8. If you could go back in time and stop a famous event from taking place, what would it be and why?

I would teleport in to the moment that the Archduke Franz Ferdinand was about to be assassinated and take out his assailant. I would be interested in seeing how the world develops after this…

9,10,11. All the book characters you’ve ever loved are people in your immediate friend circle. Who would you turn to:

a) to make a bucket list with you and go all over the world fulfilling each item on the list?  

Tengo from Haruki Murakami’s 1Q84. He’s intelligent, tough, logical, and we could talk books and he could keep me focussed on this bucket list.

b) to plonk down next to you on that patch of moon land you guys bought, feel awesome, and somehow keep each other from dying of boredom until the next space shuttle comes to pick you up?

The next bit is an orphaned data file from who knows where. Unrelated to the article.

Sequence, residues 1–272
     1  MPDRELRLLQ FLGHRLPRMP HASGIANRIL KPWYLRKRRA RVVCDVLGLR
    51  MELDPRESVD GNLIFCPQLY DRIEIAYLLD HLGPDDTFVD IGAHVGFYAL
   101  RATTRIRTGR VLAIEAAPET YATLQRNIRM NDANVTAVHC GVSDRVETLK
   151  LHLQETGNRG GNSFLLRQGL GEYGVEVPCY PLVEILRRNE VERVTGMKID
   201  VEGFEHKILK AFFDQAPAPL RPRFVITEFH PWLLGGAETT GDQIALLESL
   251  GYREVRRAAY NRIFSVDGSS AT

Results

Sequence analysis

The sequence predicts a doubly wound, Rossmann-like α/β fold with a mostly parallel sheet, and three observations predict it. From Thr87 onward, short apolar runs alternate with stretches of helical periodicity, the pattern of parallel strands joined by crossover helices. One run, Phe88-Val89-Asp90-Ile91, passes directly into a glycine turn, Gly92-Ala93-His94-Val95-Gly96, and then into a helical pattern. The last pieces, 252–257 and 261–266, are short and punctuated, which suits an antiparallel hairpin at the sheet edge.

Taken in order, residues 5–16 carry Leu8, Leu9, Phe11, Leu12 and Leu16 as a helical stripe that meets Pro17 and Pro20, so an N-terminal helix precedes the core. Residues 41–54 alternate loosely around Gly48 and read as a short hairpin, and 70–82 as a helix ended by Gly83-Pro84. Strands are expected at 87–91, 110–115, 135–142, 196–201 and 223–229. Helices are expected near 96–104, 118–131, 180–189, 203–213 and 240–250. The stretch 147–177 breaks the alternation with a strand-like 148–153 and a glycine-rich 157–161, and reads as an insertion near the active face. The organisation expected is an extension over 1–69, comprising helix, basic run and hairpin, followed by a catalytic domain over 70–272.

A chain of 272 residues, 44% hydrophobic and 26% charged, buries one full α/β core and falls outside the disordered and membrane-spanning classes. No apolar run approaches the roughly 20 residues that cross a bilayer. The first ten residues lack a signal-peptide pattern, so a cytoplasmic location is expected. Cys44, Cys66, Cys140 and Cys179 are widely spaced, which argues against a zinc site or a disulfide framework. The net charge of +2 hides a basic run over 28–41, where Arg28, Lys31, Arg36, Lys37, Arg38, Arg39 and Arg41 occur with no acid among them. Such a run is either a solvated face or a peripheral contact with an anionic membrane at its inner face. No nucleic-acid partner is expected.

If I’m going to be stranded with someone on the moon it might as well be someone I’ll enjoy looking at and has practical skills whilst not being so superhuman as to make me feel useless… Noa Izumi – beautiful, charismatic, and cute! I think we’d get along famously. Or at least I think we would because we seem to have similar mornings…

c) when the world thinks you’re responsible for the attack on the entire human race by some random scary evil alien monsters and you are the only one who knows what they want but nobody will listen to you and you need somebody to help you save the world?

Zoichi Kanoe from Biomega. This guy is almost unstoppable and he comes with the coolest AI and bike in sci-fi history. He makes Master Chief, the Terminator, and Robocop look like big girls blouses. Zoichi’s AI Fuyu can assess all of the situations and he can do all of the hard stuff like punching aliens through walls. I’ll just ride pillion and provide all of the sidekick humour while he zips about blowing zombie/alien/biomechanical nightmare monster brains out of heads and we zip around exploding space ships and across the solar system to overwrought thrash metal. After the world is saved Fuyu can just explain what happened to the world. THIS STUFF ACTUALLY HAPPENS AND IT IS COOL! 😛